What can you do in LISP that you can't do in Python

Thomas Bellman bellman at lysator.liu.se
Tue May 15 01:47:54 CEST 2001


"Richard P. Muller" <rpm at wag.caltech.edu> writes:

> However, thus far I can't see anything that I could do in Scheme that I
> couldn't do in Python. From the thread on LISP I've seen a lot of
> comments that have suggested that I should have started with Common Lisp
> instead of Scheme -- so maybe that's the problem. But can someone give
> me a short example of something that I can do in LISP that I couldn't do
> in Python?

As others have already said: manipulating code.  Macros.

In LISP it is easy to define new control structures with slightly
different, or entirely new, semantics from those that are already
present in the language.  A couple of examples:

Assume that you want to define a function.  It should first call
spam(), then eggs(), then do a bunch of things, and finally call
parrot(), before returning the value computed by the expression
just before the parrot() call.  In Python, this would be:

    def myfunc(...):
	spam()
	eggs()
	...statements...
	result = ...expression...
	parrot()
	return result

Not too difficult, right?  Now assume that don't want to define
one such function, but one *hundred*.  Wouldn't it then be nice
to have a special mydef construct, so you could say

    mydef myfunc1(...):
	...statements...
	...expression...
    mydef myfunc2(...):
	...statements...
	...expression...
    ...

This is quite easy to do with LISP macros.  You can do similiar
things in Python by using classes and a mixin class, like:

    class mymixin:
	def __call__(self, ...):
	    spam()
	    eggs()
	    result = self.special_method(...)
	    parrot()
	    return result

    class myclass1(mymixin):
	def special_method(dummy, ...):
	    ...statements...
	    return ...expression...
    myfunc1 = myclass1()
    class myclass2(mymixin):
	def special_method(dummy, ...):
	    ...statements...
	    return ...expression...
    myfunc2 = myclass2()
    ...

but it gets a bit clunky.


Another example:

You have a (global) data structure.  You want to manipulate it,
then test if something works, and if it doesn't, you need to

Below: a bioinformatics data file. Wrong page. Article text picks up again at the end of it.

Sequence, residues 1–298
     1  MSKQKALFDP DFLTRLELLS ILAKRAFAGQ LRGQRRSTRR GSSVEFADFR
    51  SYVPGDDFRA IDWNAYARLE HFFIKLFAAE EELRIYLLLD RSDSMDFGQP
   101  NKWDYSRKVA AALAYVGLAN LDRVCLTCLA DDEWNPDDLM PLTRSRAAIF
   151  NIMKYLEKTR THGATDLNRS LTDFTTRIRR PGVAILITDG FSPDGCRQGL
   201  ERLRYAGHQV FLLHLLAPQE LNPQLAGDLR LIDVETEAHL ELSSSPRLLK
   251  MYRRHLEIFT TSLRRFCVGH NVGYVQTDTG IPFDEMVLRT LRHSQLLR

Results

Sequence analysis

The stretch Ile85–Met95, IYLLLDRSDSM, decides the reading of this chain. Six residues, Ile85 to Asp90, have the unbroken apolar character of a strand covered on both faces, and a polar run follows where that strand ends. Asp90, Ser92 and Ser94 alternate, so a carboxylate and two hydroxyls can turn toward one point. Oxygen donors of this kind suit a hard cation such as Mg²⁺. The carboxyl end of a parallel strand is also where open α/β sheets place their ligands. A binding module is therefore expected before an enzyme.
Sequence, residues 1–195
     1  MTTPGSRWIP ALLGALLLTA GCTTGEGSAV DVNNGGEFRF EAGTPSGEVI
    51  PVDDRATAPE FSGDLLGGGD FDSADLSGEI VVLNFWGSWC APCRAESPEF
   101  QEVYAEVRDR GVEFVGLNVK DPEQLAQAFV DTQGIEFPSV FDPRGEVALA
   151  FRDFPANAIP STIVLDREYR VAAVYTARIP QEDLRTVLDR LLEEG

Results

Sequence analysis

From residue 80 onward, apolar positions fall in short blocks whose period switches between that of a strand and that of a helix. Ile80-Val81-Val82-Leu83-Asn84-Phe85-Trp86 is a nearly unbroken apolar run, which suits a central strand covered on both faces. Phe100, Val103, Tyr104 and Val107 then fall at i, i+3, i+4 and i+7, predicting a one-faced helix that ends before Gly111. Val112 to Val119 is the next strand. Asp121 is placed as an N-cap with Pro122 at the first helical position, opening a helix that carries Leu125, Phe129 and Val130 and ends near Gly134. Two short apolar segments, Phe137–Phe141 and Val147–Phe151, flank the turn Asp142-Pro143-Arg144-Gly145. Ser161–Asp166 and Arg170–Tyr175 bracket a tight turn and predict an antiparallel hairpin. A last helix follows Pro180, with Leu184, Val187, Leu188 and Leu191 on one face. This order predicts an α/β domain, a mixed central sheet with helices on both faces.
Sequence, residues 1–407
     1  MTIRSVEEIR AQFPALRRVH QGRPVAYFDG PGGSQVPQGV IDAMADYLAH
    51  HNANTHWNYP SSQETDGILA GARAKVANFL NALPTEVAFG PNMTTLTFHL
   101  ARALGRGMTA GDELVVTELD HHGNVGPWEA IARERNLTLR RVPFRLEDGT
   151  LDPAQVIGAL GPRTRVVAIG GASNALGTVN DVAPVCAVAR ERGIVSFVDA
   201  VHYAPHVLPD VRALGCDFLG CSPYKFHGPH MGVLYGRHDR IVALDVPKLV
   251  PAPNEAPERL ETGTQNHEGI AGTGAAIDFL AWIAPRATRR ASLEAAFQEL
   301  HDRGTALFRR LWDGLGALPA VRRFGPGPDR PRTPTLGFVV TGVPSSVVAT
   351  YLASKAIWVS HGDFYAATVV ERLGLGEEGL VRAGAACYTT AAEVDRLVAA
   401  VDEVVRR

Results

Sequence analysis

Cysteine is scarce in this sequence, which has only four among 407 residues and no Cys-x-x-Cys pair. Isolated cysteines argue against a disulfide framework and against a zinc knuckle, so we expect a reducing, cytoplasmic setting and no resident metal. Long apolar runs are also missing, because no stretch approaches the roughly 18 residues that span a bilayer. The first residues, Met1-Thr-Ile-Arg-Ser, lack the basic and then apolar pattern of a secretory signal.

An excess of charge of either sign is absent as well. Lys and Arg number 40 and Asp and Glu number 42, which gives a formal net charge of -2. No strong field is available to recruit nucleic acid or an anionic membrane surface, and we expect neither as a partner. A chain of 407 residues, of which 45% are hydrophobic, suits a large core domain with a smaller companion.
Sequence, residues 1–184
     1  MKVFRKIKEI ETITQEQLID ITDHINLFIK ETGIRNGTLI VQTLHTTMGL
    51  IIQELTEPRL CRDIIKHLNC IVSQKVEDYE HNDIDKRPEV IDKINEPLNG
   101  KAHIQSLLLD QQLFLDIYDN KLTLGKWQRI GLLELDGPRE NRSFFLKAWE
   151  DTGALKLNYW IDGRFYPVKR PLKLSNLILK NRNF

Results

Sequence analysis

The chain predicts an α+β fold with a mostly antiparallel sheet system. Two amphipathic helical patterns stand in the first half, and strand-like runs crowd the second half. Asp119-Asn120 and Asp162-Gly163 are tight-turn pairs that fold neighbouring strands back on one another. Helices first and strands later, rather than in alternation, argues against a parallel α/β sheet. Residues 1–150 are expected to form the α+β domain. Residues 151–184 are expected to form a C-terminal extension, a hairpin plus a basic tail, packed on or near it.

restore the data structure to its original value.  Easy:

    saved = data_structure.copy()
    try:
	...do manipulations...
	...test for something...
    except didnt_work:
	data_structure = saved

If you need to do this in many places, with different kinds of
manipulations and/or tests, it might be easier to define a
special version of try, that does the saving and restoring of the
old value automatically.  Especially when the saving and restoring
isn't just a single line each.  Then you could do:

    restoring_try:
	...do manipulations...
	...test for something...
    ...
    restoring_try:
	...do other manipulations...
	...test for something else...

Sure, you could do this as a function taking another function as
an argument:

    def restoring_try(func, *args):
	global data_structure
	saved = data_structure.copy()
	try:
	    func(*args)
	except didnt_work:
	    data_structure = saved

but then you need to define a new function for each instance of
manipulation/test you have in your program, and that gets old
real fast.


Then the fact that the parse tree of LISP code is *obvious* from
its textual representation, combined with backquote/comma
expressions, makes several kinds of code manipulation very, easy.

In the examples above, the new control structures only do extra
things before and after the code block they control, but one
could think of examples where things should be done in the middle
of the controlled code.  That is much easier in LISP than in any
other language I have seen.

Sure, in many cases you could redesign your program to avoid the
need for those constructs, but sometimes that other design
becomes forced and unnatural.


Hope this at least gives you a few ideas of what can be done in
LISP.


-- 
Thomas Bellman,   Lysator Computer Club,   Linköping University,  Sweden
"You cannot achieve the impossible without   !  bellman @ lysator.liu.se
 attempting the absurd."                     !  Make Love -- Nicht Wahr!



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